Saturday, December 10, 2011

Demo's from last weekend

"Dreaming", 8" x 8" encaustic on panel

This week I was able to complete one of my demonstration paintings from last Saturday's reception. I added oil pastel and a greater sense of depth with pigmented wax, now this feels right to me. I continue to question why I am so attracted to painting the landscape even though I always admire abstract art done by other artists. I thought I would feel connected to vibrant color with the second demo started last weekend, but it just doesn't click with me when it's me painting! I am going to add white oil pastel to the piece below, and it will probably become more of a "thing", I just don't know what thing that will be yet.

"Abstract", 8" x 8", work in progress

My big project waiting to happen is going to be working larger using jumbo sized watercolor paper (that's been sitting in my studio for years). I want to have fun, mask with tape creating resists and many layers of watercolor washes, trees are going to continue to be my inspiration. 

Somehow I managed to do most of my holiday shopping already and now I can have some fun stimulating my creative juices.

Sunday, December 4, 2011

Pathways Reception and Demo

Thank you to all that came to yesterday's reception and demo. At one point the room was quite full with curious onlookers and I was able to share my enthusiasm and joy for encaustic painting. I demonstrated several techniques but my focus was on image transfers enhanced with layers of wax medium and pigment. 

I had prepared several wood panels with wax medium in order to show the different stages involved with the image transfer technique that I used in the Pathways Series. The panel below was started before the demo and at the demo I added layers of detailed color and medium. One more layer to add greater depth should complete this piece.

It was important to me that everyone see what I consider the most important first step of fusing the image into wax (shown below). Watching the image mesh into the wax medium is always a highlight. I will fill in gaps when I incorporate details with pigment.

These enthusiastic patrons stayed for the entire length of the demo, thank you for coming, asking questions, and sharing in my passion.

Monday, November 28, 2011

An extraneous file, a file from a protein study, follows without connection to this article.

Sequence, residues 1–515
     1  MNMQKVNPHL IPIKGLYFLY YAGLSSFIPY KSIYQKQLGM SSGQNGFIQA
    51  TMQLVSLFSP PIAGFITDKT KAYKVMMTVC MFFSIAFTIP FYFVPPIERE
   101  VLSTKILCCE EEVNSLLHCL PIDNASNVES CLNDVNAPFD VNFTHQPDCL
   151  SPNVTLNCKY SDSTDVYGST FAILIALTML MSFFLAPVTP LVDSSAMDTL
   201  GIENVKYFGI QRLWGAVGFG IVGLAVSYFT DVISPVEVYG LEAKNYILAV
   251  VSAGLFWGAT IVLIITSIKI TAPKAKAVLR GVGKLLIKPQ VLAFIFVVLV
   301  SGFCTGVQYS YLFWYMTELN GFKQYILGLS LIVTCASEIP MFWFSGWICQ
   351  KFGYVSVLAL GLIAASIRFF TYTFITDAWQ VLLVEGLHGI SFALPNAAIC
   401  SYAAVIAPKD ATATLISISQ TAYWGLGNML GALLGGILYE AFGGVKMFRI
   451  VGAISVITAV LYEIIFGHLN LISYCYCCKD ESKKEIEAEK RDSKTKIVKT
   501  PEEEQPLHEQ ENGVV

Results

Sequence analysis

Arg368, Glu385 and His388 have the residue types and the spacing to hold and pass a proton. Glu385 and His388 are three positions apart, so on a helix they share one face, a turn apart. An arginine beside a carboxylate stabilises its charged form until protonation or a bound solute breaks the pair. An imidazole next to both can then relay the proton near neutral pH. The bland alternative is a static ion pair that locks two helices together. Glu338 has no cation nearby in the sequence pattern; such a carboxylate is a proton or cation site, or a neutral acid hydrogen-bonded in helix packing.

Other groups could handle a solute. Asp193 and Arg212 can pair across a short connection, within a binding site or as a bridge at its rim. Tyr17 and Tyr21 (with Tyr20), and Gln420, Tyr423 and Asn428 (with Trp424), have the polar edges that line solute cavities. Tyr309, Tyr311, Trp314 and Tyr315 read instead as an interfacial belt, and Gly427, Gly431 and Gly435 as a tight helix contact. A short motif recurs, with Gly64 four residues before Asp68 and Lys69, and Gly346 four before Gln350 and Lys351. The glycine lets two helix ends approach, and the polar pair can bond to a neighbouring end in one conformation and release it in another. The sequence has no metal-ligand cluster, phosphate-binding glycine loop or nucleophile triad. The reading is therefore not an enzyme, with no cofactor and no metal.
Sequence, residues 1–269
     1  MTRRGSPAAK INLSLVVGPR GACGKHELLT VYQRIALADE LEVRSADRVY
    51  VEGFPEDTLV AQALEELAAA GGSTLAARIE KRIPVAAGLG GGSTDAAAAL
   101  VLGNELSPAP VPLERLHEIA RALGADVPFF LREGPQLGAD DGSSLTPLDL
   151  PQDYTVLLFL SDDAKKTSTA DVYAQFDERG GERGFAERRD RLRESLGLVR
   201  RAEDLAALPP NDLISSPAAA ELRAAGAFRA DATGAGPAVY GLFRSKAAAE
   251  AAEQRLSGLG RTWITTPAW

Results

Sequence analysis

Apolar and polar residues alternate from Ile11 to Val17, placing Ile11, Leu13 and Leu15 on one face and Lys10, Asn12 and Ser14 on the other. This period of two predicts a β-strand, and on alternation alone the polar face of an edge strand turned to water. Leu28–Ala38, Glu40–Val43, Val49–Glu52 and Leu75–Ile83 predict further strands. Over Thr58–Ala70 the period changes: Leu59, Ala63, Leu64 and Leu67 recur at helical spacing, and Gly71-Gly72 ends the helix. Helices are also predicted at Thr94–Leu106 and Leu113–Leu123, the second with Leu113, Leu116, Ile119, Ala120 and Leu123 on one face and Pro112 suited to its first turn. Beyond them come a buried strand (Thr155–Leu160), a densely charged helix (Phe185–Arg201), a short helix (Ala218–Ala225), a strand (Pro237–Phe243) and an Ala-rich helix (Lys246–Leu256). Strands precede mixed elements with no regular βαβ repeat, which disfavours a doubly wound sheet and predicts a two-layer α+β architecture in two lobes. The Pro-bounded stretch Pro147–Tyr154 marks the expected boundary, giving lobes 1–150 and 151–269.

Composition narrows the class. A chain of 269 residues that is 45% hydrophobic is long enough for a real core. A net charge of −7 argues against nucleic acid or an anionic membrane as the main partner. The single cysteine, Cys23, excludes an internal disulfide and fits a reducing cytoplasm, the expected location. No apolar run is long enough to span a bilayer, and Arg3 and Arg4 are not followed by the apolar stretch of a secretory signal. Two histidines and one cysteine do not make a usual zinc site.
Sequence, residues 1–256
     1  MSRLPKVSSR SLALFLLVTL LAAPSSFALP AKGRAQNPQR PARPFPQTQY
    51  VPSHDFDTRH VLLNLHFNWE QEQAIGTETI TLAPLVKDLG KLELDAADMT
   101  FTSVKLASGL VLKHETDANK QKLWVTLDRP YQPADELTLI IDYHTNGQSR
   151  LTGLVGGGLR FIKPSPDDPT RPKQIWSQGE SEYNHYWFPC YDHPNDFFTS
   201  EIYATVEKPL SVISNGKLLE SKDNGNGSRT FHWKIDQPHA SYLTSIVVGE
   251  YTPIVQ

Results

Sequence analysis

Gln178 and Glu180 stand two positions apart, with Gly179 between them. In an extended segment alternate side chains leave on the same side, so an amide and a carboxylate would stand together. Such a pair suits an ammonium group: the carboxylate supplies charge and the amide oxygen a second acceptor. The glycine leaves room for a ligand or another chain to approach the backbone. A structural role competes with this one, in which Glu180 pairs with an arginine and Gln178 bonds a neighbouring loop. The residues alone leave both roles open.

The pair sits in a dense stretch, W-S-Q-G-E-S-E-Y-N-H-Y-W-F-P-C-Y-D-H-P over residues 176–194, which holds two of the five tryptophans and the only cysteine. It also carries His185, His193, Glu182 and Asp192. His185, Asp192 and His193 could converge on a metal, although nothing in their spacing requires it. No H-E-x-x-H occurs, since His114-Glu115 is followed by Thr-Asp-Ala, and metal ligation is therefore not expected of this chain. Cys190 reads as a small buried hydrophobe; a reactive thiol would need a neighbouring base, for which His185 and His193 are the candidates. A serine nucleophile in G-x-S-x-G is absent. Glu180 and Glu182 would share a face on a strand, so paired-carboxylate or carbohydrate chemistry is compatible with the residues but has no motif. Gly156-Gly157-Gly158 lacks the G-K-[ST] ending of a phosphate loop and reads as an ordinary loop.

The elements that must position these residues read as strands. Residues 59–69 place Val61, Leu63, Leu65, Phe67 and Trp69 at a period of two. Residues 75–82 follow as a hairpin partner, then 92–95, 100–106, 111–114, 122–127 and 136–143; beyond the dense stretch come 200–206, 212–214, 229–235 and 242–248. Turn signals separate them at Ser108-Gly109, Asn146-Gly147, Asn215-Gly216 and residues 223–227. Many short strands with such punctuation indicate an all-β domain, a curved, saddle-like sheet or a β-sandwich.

Local Publicity

Fortunately over the years I have established a relationship with two local Arts reporters. My current show has been publicized weekly for the past month in the "Arts and More" section of the town newspaper ( The Swampscott Reporter) with show information and a brief description posted every Thursday, the day the paper is printed. I also was interviewed by the Arts reporter for the online paper, the Swampscott Patch.

Deahn Berrini Leblang came to the show, took photos, and yesterday I was the feature story in the Sunday column of local culture.

Swampscott Patch

It's been great getting all the publicity and this week I will be preparing my encaustic panels for Saturday's demo. I want to have plenty of choices and backup plans in case the wax and I aren't in sync. Just like I always tell my students, the worst thing that can happen is the painting does not turn out the way I envisioned it, but I will still be sharing the process which is really what it's all about.

Thursday, November 24, 2011

Happy Thanksgiving!

My Thanksgiving holiday usually means a trip to Chicago to spend a few days with my mother and brothers and their families. When my adult children can join me every other year, it's a more meaningful holiday, and I am always grateful.

I am starting to plan my move back from the east coast to the Windy City, and after having spent 23 years living in New England it will feel good to move back to my roots. One of the biggest challenges I will face is networking and re-establishing myself in the art communities. It's been too distant to grasp so far and I still have plenty of time with an estimate move date planned for the summer of 2013. My art has always been inspired by my surroundings and I wonder if the cityscape will become a new, important inspiration. I am already thinking about streets, angles, grids, and geometry.

View from the hotel, looking east toward the lake -

These encaustic paintings (medieval walled cities but city inspiration nonetheless!) could be a precursor of what's to come -

Yesterday we managed to make time to eat out, shop, and eat out again! The holiday decorations are always so beautiful. 

Today will be a big, festive, extended family get together and I am so grateful that we are able to do this.

Have a Happy Thanksgiving, everyone. What are you grateful for?

Monday, November 21, 2011


Recently I had been told about an application that allowed retailers (specifically, me when I am at shows) to accept credit card payments without charging a monthly service fee. I had been apprehensive about making a change over to a new company that would need to be linked directly to my business account but after many years of paying monthly service fees that continuously increase (with an additional fee based on a percentage of every credit card sale that is processed and deposited into my account), I finally decided to make the change. The application is called Square, and their website is

I am already setup with Paypal for online purchases, but now I have the ability to accept credit cards and NO MORE MONTHLY FEES!